The energy problem compounds, however, because propellants and engines involve mass. The higher a spacecraft’s speed, the more propellant and the bigger the engines it requires. Therefore, the higher the intended speed of the spacecraft, the (exponentially) higher the mass of the craft.
An additional mass problem arises from the need to move the spacecraft’s payload (the total weight of the passengers, crew, instruments, and life-support supplies). The mass of a craft and its propulsion system rises geometrically relative to the mass of the payload.
The need for speed poses yet another problem: The faster an object travels through space, the greater its likelihood to suffer damage from space debris. Micrometeorites, for example, punched holes the size of silver dollars in the Hubble Space Telescope’s solar panels (while the Hubble was traveling at about 0.04 percent the velocity of light relative to the micrometeorites, and about 0.003 percent the velocity of light relative to Earth). If the telescope had been moving a thousand times faster (relative to the micrometeorites), the damage would have been a million times worse. (I.e., the damage increases with the square of the velocity increase.)
In terms of space debris, micrometeorites may be the least of a space traveler’s worry. A large cloud of comets, estimated to contain 100 billion comets or more, surrounds the solar system. Such clouds very likely surround any star in our galaxy that could possibly harbor planets. Astronomers suspect that the giant molecular clouds scattered throughout the Milky Way galaxy may contain even greater numbers of comets.
To protect against damage from space debris, a spacecraft needs some kind of armor. However, armor means more mass, which means more propellant to move the added mass. More propellant means more propellant to move the extra propellant. Thus, the problem escalates.
While space debris poses a lesser risk at lower velocities, lower velocities also mean greater travel time. The probability of damage from space debris rises in proportion to the amount of time spent in space—and, it rises by the square of the velocity. Therefore, in terms of damage from debris, space travelers face deadly dangers at any velocity, slow or fast. And, slow or fast, a spacecraft will suffer general wear and tear to its component parts.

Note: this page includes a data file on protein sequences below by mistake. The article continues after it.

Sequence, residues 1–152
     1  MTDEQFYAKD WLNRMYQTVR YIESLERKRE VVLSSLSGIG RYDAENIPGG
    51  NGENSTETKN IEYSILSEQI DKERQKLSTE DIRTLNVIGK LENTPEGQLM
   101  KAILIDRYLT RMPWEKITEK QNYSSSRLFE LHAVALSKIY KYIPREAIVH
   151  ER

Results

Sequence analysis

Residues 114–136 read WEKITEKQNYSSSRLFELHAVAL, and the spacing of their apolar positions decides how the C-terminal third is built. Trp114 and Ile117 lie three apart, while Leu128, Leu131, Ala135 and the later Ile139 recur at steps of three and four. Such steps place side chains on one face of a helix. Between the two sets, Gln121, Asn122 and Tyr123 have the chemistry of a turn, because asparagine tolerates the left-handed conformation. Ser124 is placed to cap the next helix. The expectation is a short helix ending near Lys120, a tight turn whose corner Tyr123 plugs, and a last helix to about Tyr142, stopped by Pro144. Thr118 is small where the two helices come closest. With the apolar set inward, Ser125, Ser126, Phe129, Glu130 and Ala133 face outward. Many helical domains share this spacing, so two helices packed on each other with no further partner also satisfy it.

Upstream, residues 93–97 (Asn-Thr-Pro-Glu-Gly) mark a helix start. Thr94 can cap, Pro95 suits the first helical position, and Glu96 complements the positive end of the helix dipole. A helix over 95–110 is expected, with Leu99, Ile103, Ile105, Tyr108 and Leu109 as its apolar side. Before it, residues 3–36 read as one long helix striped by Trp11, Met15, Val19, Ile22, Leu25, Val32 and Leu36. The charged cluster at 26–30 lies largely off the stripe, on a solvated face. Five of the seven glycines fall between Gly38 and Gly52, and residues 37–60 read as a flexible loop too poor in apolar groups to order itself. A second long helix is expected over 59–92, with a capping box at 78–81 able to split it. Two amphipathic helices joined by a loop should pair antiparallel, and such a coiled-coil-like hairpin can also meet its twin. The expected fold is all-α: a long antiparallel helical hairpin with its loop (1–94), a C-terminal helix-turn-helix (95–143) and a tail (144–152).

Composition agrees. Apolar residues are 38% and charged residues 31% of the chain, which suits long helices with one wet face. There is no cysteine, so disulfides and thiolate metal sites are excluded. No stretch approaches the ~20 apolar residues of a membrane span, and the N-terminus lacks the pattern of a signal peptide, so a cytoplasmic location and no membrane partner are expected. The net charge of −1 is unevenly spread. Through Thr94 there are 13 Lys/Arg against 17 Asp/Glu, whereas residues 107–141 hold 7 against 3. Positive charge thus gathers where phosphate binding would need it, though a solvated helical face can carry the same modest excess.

Exposure to radiation poses yet another serious threat. The faster a craft travels through space, the greater the damage it suffers from radiation. The particles associated with radiation (e.g., protons, neutrons, electrons, heavy nuclei, and even photons) cause erosion to the “skin” and components of the craft. Again, the rate of erosion rises with the square of the velocity. However, a slower velocity means more time in space, and that extra time means more radiation exposure for the aliens on board. (No matter how thick any practical safety shield may be, some radiation inevitably leaks through.)
Very conservatively, any reasonably sized spacecraft transporting intelligent physical beings can travel at velocities no greater than about one percent the velocity of light. At higher velocities the risks from radiation, space debris, leaks, and wear and tear are simply too great to prevent the extinction of the space travelers before they reach their destination. A spacecraft traveling at one percent the velocity of light (nearly 7 million miles per hour) would need 7,500 years to traverse 75 light-years or 23,000 years to travel 230 light-years.
Loopholes Via Wormholes?
Highly imaginative and technically trained UFO and ETI buffs suggest that advanced aliens may have found a way to use space-time “wormholes” to travel to distant locations in the universe in a relatively short time. On closer examination, however, this idea offers no help at all in solving the distance and time problems.